Defining the structure of a large software development project can be a daunting challenge. The functions designed into a project's governing model are highly dependent on the goals of the project, the organization into which the resulting product will be deployed, and (to some extent) the project's technological selections and/or constraints. In my experience, most large project structures evolve in an organic manner and as a response to some condition or stimuli. For example, a dependency coordinator function is added to address deficiencies in upstream and downstream management.
An evolving project structure would appear to be a good thing, so long as the organization always focuses on what it needs and is able to adapt to the new reality within a reasonable time frame. Nevertheless, all too often no attention is paid to a project's structure until an event occurs that exposes a serious weakness. In traditional projects, this could mean that critical functions (like how change is managed) can be left undefined until the project is in trouble and unable to meet its dates. Agile projects do not appear to be immune to this phenomenon even though frequent process and scope change are expected.
Why do organizations undertake large multi million-dollar projects and not take the time to prepare themselves for the inevitable pitfalls that the lack of a flexible, well thought out governing structure bestows? A myriad of reasons come to mind: lack of perceived time to set up governance, lack of experience, a desire to not spend project funds on scaffolding, etc. Perhaps the more important question is what should we do about it?
Start Small, but Start Smart
Despite our desire to jump right into a project, some time needs to be spent up front identifying how a project will be organized and who will be assuming certain roles to make sure that essential functions are covered. In an agile project, this may take the form of defining the project's stakeholders and how they will be represented to the team(s) or how inter-team communication will occur (between multiple agile teams, the so-called "scrum of scrums" concept, or between agile teams and their non-agile counterparts). In a traditional project, the traditional functions of change management, dependency management, etc., should be dealt with up-front—even if one person owns them initially.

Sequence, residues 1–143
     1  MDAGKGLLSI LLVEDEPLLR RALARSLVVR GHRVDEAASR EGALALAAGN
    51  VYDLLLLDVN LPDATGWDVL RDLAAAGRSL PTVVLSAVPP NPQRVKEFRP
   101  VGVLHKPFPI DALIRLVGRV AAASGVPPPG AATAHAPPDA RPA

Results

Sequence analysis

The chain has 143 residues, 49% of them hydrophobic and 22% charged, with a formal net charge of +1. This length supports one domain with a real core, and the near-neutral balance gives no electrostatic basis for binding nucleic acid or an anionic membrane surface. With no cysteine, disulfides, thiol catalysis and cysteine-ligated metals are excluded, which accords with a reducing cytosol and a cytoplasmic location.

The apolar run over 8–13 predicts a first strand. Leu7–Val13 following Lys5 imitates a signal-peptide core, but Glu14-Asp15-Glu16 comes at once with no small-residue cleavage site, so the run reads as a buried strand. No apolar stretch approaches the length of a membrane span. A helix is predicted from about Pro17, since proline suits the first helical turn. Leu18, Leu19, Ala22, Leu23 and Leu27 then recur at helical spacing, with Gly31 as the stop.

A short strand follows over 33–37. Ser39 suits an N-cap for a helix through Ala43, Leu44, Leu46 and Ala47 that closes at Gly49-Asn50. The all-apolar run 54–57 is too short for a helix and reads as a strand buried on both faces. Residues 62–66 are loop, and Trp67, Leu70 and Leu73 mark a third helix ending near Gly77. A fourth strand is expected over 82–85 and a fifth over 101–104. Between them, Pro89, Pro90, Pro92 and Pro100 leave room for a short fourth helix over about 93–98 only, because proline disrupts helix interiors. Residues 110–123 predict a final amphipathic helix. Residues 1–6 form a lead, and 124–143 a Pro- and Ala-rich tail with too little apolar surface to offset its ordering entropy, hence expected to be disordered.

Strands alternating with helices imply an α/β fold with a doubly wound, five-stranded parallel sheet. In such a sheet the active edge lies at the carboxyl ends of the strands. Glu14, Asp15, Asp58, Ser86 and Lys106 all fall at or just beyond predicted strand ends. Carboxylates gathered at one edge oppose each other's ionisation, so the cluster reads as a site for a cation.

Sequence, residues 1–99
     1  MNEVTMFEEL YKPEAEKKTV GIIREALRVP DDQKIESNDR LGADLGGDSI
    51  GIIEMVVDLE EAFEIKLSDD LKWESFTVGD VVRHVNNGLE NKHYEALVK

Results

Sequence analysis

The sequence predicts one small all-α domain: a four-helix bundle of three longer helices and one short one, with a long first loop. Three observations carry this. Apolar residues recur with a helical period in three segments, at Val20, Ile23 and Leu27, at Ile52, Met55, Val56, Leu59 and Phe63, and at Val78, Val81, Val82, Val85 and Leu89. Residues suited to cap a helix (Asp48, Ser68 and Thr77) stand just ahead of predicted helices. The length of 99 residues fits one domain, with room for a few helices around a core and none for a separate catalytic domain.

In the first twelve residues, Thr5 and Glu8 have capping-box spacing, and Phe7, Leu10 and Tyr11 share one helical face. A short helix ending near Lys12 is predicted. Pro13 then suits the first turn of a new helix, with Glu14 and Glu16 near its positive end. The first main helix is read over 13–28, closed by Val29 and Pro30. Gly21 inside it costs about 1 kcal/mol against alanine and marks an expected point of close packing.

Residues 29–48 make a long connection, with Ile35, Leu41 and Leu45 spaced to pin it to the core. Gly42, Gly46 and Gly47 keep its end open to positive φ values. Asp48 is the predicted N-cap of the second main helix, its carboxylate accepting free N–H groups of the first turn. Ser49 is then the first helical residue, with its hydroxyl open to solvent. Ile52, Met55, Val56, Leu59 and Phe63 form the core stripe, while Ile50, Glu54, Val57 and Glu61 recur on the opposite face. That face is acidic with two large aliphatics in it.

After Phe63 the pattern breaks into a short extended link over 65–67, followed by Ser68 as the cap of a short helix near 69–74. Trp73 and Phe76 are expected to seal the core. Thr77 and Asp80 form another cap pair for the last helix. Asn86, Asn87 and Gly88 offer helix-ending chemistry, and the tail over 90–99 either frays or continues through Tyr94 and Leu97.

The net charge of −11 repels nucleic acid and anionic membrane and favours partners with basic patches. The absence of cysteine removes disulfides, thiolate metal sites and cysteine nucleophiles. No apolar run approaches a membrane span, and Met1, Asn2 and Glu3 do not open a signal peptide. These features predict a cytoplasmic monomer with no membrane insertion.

Look at Past Successes and Failures
It would seem to be a rare case that an organization would staff an entire project with inexperienced team members. Even if the majority of team members lack specific development experience, there are always those that have done it before. This knowledge needs to be mined. Expert help and best practices can also help avoid some of the pitfalls of a bad project organization structure.
Don't be Afraid to Change Course
If a structure is not working, change it! Sometimes we try to push a bad position just to maintain the status quo. It is inevitable that you will not identify all of the structural components that you need up-front. When you encounter one of these deficiencies, address it. Be equally mindful of outdated structural components and get rid of them.
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